[Skip to Content]
Access to paid content on this site is currently suspended due to excessive activity being detected from your IP address Please contact the publisher to request reinstatement.
[Skip to Content Landing]
March 25, 1933


Author Affiliations

From the orthopedic services of Dr. Charles H. Jaeger, Lenox Hill Hospital, and Dr. Harry Finkelstein, Hospital for Joint Diseases.

JAMA. 1933;100(12):880-881. doi:10.1001/jama.1933.02740120018007

This article is only available in the PDF format. Download the PDF to view the article, as well as its associated figures and tables.


The treatment of the common corn, which is one of the most widespread of the minor ailments affecting the feet, has been almost entirely ignored by the medical profession, and most sufferers have been exclusively treated by practitioners of chiropody. The common treatment is the paring down of the hypertrophied epithelium or the application of various types of keratolytic pastes, plasters, collodium paints and protective pads. These remedies are at best palliative and frequently, in spite of the adoption of proper footwear, the corn persists and continues to cause not inconsiderable discomfort. The palliative treatment of corns is adequate in perhaps the greater number of cases, but occasionally the condition is intractable and renders the wearing of any type of shoe painfully uncomfortable. Indeed, the irritated corn, which compels the individual to hold the foot in a strained attitude in order to avoid the unpleasant friction with the shoe, may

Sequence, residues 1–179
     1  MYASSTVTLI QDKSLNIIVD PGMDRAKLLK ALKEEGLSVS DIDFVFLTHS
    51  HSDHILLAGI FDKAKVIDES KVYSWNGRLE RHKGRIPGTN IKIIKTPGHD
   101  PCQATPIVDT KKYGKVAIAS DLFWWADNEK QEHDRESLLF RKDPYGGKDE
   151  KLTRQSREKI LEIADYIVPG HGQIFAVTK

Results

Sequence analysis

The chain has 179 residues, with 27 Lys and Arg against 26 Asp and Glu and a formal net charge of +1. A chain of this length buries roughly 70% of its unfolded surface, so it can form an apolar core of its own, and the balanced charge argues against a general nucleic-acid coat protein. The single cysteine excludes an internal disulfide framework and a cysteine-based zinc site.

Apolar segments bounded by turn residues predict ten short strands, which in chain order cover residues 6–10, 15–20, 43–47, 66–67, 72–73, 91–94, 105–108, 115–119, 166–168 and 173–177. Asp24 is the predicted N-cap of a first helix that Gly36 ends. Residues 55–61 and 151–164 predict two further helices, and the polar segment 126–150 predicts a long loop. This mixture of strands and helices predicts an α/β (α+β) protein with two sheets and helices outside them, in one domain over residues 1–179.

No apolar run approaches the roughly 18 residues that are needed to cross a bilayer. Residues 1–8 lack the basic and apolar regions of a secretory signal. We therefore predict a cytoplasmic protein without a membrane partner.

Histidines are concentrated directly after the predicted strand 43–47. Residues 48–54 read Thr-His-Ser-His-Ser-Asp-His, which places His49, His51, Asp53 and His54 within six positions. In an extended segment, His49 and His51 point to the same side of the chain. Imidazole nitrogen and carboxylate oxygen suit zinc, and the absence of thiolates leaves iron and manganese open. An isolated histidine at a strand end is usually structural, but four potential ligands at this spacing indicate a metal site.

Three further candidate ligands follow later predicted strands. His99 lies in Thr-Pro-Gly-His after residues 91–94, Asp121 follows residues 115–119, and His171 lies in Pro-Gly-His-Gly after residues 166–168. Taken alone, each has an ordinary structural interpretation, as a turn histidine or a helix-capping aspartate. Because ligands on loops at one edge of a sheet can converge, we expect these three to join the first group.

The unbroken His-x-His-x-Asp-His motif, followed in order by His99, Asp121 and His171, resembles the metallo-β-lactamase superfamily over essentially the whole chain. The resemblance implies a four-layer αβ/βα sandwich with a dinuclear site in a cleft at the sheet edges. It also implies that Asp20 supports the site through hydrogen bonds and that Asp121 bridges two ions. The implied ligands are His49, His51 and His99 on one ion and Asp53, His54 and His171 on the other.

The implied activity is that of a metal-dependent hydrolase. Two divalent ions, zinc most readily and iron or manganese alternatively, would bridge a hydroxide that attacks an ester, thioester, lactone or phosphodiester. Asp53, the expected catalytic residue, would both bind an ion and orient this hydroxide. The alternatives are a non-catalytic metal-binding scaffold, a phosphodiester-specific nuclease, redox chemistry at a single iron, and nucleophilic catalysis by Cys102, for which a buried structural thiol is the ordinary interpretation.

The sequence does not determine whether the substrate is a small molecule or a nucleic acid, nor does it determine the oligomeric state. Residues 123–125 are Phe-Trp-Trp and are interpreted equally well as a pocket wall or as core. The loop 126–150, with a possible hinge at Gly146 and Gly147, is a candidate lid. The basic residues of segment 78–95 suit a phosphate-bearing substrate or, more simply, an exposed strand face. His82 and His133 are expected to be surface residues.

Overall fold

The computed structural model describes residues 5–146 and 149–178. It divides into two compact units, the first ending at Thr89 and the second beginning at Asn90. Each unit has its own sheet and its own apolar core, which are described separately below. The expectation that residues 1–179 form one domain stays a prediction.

First Page Preview View Large
First page PDF preview
First page PDF preview